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Motorcycle Skills Test: Part 2 / “Turn from a Stop & U-Turn”

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(2012) Part 2 of a 5-part series featuring Washington State’s Motorcycle Skills Test. This video examines the Turn from a Stop (also called, the “Sharp Turn”) and the U-turn. Read set-up info & instructions below.


 A sharp right turn and traffic lane marked by painted lines/cones.
 Starting “T” (6′ centered in front of turn).
 6′ wide traffic lane (10′ outer lane lines; 4′ inner lane lines).

 Starting from the center of the “Start T”.
 When signaled, make a right turn within the boundary lines without crossing a line or putting a foot down.


 A u-turn area and a stop box marked by painted lines/cones.
 20′ wide area for cycles less than 600cc.
 24′ wide area for cycles 600cc and larger.

 After the Turn From A Stop, diagonally cross to the opposite side of the box and make a left u-turn within the boundary lines.
[for less than 600cc, stay within the 20′ area]
[for 600cc or larger, stay within the 24′ area]
 Stop with your front tire inside the stop box.
 When signaled, turn right and get back in line.

This video is produced by the Washington State Department of Licensing.

21 Replies to “Motorcycle Skills Test: Part 2 / “Turn from a Stop & U-Turn””

  1. Mike Chen

    LMAO people laugh at me when I'm spending hours spinning like a top in the parking lot, I laugh at them when we go out to ride.

  2. Kyle McCarty

    @Bud –
    This is a question posed often. Permits/Provisional licenses are typically offered for limited time frames. (i.e. Permits in Washington are only valid for 90 days.) Most companies will not rent unless the rider is endorsed.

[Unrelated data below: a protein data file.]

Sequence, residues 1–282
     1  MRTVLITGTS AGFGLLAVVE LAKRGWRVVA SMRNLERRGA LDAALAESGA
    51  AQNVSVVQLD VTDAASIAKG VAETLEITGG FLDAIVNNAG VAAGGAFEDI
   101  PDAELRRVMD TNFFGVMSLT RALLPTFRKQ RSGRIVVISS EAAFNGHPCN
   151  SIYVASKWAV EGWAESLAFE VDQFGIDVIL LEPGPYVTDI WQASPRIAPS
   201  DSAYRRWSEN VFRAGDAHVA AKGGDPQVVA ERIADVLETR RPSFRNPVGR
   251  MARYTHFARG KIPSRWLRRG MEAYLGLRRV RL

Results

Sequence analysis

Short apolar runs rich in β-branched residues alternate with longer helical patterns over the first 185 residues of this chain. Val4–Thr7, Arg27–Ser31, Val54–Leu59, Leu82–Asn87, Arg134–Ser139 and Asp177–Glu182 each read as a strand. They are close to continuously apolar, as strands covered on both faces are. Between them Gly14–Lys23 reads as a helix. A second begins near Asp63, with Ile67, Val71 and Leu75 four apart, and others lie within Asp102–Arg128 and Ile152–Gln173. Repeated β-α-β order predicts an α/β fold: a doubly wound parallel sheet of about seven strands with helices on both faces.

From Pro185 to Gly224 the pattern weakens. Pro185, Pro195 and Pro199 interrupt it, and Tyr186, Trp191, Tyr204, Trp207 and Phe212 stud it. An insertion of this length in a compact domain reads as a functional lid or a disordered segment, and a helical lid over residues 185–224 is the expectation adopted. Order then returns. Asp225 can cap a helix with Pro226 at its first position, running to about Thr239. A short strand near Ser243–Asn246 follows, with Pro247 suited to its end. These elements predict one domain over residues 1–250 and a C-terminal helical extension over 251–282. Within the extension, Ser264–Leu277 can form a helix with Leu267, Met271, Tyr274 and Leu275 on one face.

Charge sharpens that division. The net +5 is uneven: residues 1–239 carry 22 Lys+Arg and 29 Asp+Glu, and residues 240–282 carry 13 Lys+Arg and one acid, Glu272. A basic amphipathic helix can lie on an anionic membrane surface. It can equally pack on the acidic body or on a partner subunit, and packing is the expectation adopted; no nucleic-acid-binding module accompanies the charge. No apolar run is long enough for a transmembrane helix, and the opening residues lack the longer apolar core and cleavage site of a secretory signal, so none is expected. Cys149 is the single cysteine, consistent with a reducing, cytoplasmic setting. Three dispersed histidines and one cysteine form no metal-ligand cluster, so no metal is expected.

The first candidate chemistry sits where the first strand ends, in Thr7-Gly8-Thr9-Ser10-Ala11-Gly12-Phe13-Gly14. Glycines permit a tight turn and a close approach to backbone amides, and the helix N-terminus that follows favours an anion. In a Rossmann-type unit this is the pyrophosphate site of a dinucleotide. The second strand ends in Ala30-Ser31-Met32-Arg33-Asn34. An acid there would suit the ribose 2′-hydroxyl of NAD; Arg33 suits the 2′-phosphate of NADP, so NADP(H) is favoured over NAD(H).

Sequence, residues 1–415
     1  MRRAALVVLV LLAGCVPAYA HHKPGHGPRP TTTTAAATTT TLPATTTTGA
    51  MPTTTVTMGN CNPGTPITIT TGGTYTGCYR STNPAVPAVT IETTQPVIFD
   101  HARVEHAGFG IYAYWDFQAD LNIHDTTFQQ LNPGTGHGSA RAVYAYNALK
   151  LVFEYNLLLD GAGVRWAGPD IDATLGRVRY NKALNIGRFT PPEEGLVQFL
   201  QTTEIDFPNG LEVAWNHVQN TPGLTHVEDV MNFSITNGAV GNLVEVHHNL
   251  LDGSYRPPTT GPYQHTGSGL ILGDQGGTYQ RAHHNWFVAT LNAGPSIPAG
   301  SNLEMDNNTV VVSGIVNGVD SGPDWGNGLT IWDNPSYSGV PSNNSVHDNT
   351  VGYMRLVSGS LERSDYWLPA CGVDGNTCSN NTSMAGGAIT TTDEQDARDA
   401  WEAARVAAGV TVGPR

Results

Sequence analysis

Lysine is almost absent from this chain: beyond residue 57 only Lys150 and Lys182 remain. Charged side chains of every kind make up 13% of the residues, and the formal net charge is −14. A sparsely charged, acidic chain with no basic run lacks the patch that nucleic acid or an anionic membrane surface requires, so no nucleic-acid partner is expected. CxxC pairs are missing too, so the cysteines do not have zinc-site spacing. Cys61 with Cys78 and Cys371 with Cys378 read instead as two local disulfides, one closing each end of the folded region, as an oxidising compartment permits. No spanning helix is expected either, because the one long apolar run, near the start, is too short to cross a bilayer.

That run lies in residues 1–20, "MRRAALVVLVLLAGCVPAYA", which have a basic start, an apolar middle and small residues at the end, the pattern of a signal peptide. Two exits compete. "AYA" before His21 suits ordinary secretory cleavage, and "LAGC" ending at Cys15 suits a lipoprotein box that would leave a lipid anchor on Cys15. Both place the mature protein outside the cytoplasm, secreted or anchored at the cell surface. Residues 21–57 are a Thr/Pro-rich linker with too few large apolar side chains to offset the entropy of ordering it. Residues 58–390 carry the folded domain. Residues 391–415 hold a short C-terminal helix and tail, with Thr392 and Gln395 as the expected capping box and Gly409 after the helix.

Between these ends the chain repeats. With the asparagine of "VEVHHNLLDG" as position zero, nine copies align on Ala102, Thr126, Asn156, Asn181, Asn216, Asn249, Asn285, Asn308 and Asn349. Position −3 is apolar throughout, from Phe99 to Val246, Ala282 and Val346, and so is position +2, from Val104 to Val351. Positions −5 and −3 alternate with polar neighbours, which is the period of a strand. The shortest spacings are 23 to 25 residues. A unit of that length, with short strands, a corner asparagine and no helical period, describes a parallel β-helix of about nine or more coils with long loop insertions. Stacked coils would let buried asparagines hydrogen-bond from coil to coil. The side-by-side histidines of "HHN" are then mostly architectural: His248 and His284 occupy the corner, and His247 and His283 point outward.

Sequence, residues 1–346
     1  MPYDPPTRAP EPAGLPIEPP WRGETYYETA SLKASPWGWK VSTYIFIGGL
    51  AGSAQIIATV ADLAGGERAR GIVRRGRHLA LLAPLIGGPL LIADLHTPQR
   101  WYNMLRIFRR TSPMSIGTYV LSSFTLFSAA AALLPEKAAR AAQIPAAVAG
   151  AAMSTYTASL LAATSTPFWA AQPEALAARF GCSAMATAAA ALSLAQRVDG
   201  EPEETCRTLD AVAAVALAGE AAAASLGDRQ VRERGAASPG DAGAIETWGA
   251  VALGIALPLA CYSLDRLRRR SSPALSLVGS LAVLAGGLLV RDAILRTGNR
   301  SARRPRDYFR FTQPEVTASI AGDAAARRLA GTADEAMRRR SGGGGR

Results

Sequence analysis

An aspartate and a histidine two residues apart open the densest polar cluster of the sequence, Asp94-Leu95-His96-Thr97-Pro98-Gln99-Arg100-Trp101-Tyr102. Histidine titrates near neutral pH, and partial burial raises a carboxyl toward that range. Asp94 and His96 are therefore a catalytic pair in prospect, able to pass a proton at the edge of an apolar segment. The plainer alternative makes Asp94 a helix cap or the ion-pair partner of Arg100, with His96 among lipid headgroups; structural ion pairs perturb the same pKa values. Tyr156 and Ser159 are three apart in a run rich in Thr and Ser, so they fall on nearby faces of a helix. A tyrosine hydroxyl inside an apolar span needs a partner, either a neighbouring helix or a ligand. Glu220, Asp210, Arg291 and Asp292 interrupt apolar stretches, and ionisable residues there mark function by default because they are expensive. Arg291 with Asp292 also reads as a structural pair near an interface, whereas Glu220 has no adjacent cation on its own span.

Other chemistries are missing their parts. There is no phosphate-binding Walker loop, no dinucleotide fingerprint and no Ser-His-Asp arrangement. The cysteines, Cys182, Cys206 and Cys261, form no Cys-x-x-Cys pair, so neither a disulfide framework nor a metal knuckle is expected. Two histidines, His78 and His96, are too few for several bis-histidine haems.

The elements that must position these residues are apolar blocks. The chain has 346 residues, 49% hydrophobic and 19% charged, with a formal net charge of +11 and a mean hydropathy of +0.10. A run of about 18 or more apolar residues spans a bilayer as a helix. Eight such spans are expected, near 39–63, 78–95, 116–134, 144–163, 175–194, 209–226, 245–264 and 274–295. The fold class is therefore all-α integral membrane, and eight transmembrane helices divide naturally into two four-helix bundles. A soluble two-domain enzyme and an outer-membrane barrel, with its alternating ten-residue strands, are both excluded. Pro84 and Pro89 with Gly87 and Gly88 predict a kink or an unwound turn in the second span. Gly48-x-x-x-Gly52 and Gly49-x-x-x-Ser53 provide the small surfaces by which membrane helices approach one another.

The solution will be that you will need to complete both the knowledge and skills test in the state of your license and have the (motorcycle only) license or endorsement granted.
    In WA, test scores are only valid for 180days.
    If you maintain an AZ license, you'll need to test there. Or, as with some states, they may accept a WA Rider Education Course Completion Card as testing waiver.

  3. bud irving

    I am 83 years old. When I was 15, I went to a motorcycle shop and bought a 1941 Indian scout. The salesman asked me if I knew how to ride one. I said I ride a bicycle, it can't be much different. He showed me how to shift, the clutch the brake and throttle. I paid him and got the paperwork and rode off in first gear. I left it in first gear and rode home about two miles. I practiced on the street in front of my residence until I could understand the reason for shifting. Then I went for my license. It was in Albany Calif. and the law allowed for a motorcycle license at age fourteen. A riding test was not necessary. I got my license and left my foster home six days later. I made a mistake 55 years later, I let my (m) license expire. Now I want to rent motorcycles wherever I am (I live in a camper). My auto license is in Arizona so I took the written test in AZ. and passed so I have a temporary (m) license. Now I want to rent a motorcycle to take the riding test. No one will rent me one with a temporary license.My license say I am legal to ride on the public streets. They want me to take lessons. I would have fun taking the lessons but I really don't want to pay the fee, and travel so far for the lessons. I have ridden a MC more than a million miles. I delivered blue prints in Los Angles area for years I raced every kind of racing including on ice. I was number 2 in the country in class C racing I have ridden more that 70 different motorcycles. I rode a triumph in the drum at the Long Beach Pike, The owner of the drum said I was the only one who have ever done it without a spill. It was 1956. I am a veteran, none of this counts for anything. I can't rent a motorcycle to take the test and I can't take the test without a motorcycle. MY ADVICE IS NEVER GIVE UP YOUR MOTORCYCLE LICENSE.